ANAHEIM, Calif. — For $1,957, visitors to Howard Johnson's in Anaheim can take a nostalgic trip to Disneyland's past.
In 1957, Tomorrowland seemed like a glimpse into the future.
There was the TWA Rocket to the Moon — more than a decade before humans set foot on the moon's surface, the Clock of the World, and the House of the Future.
Visitors in 1957 walked through this all-plastic model home to see what a futuristic home could look like — in 1986.
Designed by MIT and sponsored by Monsanto, a chemical company, the Monsanto House of the Future featured a mid-century design, big screen television, microwave and climate control center to control the indoor temperature, purify the air and even produce a scent.
While the designers at the time got some things right — the microwave, the big screen TV, and an indoor temperature control system — they got a few wrong. The bathroom in the plastic home was the size of an airplane or cruise ship bathroom.
Charles Phoenix, a Disneyland pop-culture historian, said the stand-alone plastic home exhibit in Tomorrowland was a technological revolution during its time.
More than 20 million visitors checked out the model home from 1957 to 1967 before Disney tore it down for a new attraction in the late 1960s. He said the foundation, painted green, can still be seen in Pixie Hollow.
"All these years later, there has never been a house that looked more mid-century modern, more futuristic and as timeless and classic as this one is. It still looks futuristic," said Phoenix during a presentation. "That, at the end of the day, is its greatest achievement, that all these years later, we have never seen a house look like this, entirely made of plastic."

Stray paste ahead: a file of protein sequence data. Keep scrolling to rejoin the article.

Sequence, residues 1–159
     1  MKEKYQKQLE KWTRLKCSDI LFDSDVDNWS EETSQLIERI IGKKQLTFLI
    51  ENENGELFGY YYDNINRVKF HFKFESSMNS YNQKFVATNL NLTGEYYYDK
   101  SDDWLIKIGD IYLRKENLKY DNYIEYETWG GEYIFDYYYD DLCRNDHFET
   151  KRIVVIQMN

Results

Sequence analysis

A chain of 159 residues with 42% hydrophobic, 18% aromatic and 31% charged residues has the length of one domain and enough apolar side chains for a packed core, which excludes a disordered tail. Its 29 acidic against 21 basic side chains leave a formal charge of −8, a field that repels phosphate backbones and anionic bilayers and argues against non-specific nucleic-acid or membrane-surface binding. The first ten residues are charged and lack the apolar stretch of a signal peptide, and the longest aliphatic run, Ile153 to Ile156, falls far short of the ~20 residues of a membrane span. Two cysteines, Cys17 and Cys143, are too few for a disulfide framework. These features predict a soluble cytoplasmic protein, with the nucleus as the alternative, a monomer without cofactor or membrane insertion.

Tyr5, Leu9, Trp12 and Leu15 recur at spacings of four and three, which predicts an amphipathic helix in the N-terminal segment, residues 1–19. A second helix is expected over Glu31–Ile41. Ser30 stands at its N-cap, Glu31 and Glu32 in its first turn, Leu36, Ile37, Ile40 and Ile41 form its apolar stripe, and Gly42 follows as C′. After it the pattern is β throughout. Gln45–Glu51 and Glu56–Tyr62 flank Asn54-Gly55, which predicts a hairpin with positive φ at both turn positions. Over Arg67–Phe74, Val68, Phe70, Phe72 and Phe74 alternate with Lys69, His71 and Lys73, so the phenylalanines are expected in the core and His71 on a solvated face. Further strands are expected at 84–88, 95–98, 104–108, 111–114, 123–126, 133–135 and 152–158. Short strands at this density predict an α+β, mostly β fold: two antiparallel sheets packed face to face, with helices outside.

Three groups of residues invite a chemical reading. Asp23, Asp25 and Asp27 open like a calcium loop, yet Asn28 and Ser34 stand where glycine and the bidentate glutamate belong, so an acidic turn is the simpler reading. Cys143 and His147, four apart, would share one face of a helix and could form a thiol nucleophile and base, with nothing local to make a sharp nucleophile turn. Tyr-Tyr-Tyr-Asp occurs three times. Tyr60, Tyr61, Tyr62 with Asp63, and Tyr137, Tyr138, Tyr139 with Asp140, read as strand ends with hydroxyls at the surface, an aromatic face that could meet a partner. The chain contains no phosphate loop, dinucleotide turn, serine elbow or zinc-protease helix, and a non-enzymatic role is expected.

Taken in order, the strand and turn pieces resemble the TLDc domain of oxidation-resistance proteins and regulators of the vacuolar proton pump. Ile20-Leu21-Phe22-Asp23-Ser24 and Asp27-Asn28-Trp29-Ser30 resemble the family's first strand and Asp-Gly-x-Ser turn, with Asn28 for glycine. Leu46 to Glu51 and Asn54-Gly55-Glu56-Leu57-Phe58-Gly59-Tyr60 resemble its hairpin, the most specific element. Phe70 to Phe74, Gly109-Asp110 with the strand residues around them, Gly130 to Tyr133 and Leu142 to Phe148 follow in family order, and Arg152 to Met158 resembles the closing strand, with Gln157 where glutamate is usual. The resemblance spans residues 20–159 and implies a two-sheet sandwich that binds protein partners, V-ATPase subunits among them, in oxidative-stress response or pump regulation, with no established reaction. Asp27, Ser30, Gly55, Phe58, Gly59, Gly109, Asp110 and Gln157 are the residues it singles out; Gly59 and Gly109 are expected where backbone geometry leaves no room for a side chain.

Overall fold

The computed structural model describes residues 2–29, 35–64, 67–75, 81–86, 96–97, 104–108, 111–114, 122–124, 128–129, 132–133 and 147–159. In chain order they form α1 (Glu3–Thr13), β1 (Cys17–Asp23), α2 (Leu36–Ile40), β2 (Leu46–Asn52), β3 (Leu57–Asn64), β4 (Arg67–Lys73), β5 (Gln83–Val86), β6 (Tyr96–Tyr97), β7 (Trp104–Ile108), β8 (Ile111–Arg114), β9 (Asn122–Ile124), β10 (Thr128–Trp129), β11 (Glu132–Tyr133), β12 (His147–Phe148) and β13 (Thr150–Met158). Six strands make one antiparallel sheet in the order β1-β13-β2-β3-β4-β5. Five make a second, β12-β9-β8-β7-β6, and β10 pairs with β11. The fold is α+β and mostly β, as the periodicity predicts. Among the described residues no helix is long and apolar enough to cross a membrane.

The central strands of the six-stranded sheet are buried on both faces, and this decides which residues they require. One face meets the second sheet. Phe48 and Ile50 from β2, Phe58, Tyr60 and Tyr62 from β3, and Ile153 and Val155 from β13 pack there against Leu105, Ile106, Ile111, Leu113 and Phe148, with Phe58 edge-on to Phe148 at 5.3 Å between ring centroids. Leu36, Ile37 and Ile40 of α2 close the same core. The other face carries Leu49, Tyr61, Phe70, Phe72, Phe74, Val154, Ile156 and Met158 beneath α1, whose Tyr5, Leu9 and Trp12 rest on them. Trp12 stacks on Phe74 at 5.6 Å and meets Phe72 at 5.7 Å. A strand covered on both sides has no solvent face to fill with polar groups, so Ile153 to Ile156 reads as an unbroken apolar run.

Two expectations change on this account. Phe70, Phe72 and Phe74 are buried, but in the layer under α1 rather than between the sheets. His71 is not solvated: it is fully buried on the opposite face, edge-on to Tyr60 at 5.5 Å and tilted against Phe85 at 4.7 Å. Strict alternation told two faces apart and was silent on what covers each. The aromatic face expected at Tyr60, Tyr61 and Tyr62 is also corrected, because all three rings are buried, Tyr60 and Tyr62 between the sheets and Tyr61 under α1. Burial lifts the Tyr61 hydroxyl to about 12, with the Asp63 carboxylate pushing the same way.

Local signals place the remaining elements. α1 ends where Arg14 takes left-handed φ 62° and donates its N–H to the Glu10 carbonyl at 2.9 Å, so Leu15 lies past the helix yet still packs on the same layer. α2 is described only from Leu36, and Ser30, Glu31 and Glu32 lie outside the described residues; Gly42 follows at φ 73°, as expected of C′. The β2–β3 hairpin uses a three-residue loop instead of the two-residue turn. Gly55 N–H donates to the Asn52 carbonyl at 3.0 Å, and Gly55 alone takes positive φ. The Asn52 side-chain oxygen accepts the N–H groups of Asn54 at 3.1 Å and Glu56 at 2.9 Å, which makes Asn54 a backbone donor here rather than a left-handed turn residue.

While the original House of the Future is gone, Howard Johnson set to replicate and modernize parts of it, at least the interior.
Howard Johnson's, across the street from Disneyland, took that idea and transformed a regular two-room suite on the hotel's fourth floor into the House of the Retro Future.
"It's a homage to elements of the original Monstano House of the Future as well as honor our midcentury modern design heritage," said Jonathan Whitehead, general manager at Howard Johnson's in Anaheim, during a Spectrum News tour of the suite.
With the help of designer Caroline McLean, Whitehead recreated several parts of the House of the Future exhibit.
Inside, the dining room features a George Nelson Lazy Susan dining table, a reproduced credenza, and even commissioned Disney artists to repaint the blue peacock artwork prominently seen on the original House of the Future wall.
A flat-screen television hangs on the living room wall, a modern version of the curved cathode ray tube television in the original design.
Mid-century modern furniture similar to those in the original home is decorated throughout, along with custom artwork by mid-century artist Shag. There's also a vintage record player, where guests can listen to their favorite jazz artist.
The Howard Johnson bedroom and bathroom are where things become different. The two-room suite is also far different from the six-room, cross-shaped layout.
The bathroom inside the original House of the Future almost looks about the size of an airplane bathroom. The Howard Johnson suite bathroom is larger, updated and will soon feature a computerized mirror.
Whitehead said they had to modernize some design elements because fully recreating the original House of the Future wouldn't meet today's consumer expectations.
Whitehead did not disclose the cost of the renovation.
"We've done renovations to our other buildings," said Whitehead, adding that they previously transformed another room into a Pirates of the Caribbean-themed suite, with artwork and concept art from the original Disneyland attraction.
The House of the Retro Future suite will be available for guest reservations starting Aug. 12. Guests must book at least two nights on Tuesday and Wednesday or Friday and Saturday nights. The cost of the stay is $1,957 — the year the Monsanto House of the Future made its debut at Disneyland.
"This is more than just a hotel suite," said Whitehead. "It's an experience."
CORRECTION: A previous version of this story incorrectly stated that Disney Imagineering was part of the design team for the original House of the Future exhibit. The error has been corrected. (July 29, 2022)